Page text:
The Indian government has retroactively granted Alliance Air (India) (9I, Mumbai Int'l) approval to start international flights despite not meeting certain benchmark criteria. Normally, airlines in India are required to operate at least 20 aircraft to qualify for international service rights. However, Alliance Air currently operates nineteen Avions de Transport Régional turboprops, including one ATR42-300 and eighteen ATR72-600s, the ch-aviation fleets advanced module shows.

"The Union Cabinet, chaired by the Prime Minister Shri Narendra Modi, has granted ex-post facto dispensation to Alliance Air, a 100% subsidiary of Air India, to fly on international sectors between India and Sri Lanka. A special dispensation is allowed for the interim period till Alliance Air deploys a minimum of 20 aircraft or 20% of total capacity, whichever is higher for domestic operations," a Ministry of Civil Aviation statement said.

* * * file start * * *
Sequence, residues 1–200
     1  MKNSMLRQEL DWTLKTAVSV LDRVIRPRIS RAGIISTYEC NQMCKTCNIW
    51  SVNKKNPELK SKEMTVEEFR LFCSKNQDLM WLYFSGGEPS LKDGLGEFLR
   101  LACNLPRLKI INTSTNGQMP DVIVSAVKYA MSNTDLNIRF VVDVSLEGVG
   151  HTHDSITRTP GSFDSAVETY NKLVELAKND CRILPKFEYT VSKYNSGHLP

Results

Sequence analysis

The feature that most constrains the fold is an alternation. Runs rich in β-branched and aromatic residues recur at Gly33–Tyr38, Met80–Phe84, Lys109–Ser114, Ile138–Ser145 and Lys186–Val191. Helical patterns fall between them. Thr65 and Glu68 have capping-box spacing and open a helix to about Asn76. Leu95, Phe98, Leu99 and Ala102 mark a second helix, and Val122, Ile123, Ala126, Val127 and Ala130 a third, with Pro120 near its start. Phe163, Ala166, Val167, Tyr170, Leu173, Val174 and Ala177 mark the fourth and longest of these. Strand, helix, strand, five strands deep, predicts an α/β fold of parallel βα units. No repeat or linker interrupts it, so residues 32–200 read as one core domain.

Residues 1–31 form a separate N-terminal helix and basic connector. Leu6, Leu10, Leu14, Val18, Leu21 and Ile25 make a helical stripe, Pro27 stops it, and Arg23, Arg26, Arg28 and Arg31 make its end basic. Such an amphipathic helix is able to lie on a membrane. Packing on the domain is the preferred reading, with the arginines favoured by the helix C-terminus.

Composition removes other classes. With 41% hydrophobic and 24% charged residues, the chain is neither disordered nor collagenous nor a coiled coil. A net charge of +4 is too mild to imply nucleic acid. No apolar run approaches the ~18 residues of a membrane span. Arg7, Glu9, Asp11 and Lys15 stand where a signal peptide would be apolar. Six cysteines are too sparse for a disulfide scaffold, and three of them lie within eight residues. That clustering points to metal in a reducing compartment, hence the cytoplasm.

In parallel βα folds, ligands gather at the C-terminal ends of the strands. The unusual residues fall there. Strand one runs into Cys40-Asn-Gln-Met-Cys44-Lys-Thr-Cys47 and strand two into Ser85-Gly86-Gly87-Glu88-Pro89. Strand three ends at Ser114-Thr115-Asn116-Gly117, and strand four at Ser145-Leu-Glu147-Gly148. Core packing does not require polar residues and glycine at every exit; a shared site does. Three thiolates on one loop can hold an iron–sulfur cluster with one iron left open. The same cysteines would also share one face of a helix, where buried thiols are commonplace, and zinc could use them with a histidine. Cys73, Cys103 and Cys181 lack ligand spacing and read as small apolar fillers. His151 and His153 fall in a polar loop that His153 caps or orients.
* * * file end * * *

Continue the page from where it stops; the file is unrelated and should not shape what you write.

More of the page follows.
The decision is retroactive as Alliance Air launched its first international route, from Chennai to Jaffna in Sri Lanka, in November last year. It remains the sole carrier serving the city in northern Sri Lanka and currently flies 3x weekly to Jaffna using an ATR72-600.

"India has close bilateral ties with Sri Lanka and our interest is to increase connectivity and to expand people to people contacts between the two countries. Before this approval, there was no commercial operation scheduled from Palaly [Jaffna] and Batticaloa airports," the Cabinet of India said.

Alliance Air has yet to start flying to Batticaloa although it has confirmed plans to do so. The Sri Lankan government recently opened Jaffna and then Hambantota and Colombo Ratmalana to international traffic. Batticaloa is scheduled to be the next airport to open to foreign carriers.